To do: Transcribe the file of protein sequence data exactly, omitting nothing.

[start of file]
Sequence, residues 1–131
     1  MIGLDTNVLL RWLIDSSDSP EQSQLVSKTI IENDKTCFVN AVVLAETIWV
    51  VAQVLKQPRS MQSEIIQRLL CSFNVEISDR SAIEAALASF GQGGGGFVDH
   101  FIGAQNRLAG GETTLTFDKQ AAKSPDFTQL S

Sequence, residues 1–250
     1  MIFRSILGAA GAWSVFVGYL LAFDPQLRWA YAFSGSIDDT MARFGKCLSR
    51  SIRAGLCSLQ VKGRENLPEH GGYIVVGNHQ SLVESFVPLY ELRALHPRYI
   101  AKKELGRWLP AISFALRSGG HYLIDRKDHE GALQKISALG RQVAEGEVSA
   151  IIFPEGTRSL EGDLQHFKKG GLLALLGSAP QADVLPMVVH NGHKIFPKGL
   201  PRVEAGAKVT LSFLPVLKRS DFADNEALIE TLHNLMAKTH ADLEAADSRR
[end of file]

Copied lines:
Sequence, residues 1–131
     1  MIGLDTNVLL RWLIDSSDSP EQSQLVSKTI IENDKTCFVN AVVLAETIWV
    51  VAQVLKQPRS MQSEIIQRLL CSFNVEISDR SAIEAALASF GQGGGGFVDH
   101  FIGAQNRLAG GETTLTFDKQ AAKSPDFTQL S

Sequence, residues 1–250
     1  MIFRSILGAA GAWSVFVGYL LAFDPQLRWA YAFSGSIDDT MARFGKCLSR
    51  SIRAGLCSLQ VKGRENLPEH GGYIVVGNHQ SLVESFVPLY ELRALHPRYI
   101  AKKELGRWLP AISFALRSGG HYLIDRKDHE GALQKISALG RQVAEGEVSA
   151  IIFPEGTRSL EGDLQHFKKG GLLALLGSAP QADVLPMVVH NGHKIFPKGL
   201  PRVEAGAKVT LSFLPVLKRS DFADNEALIE TLHNLMAKTH ADLEAADSRR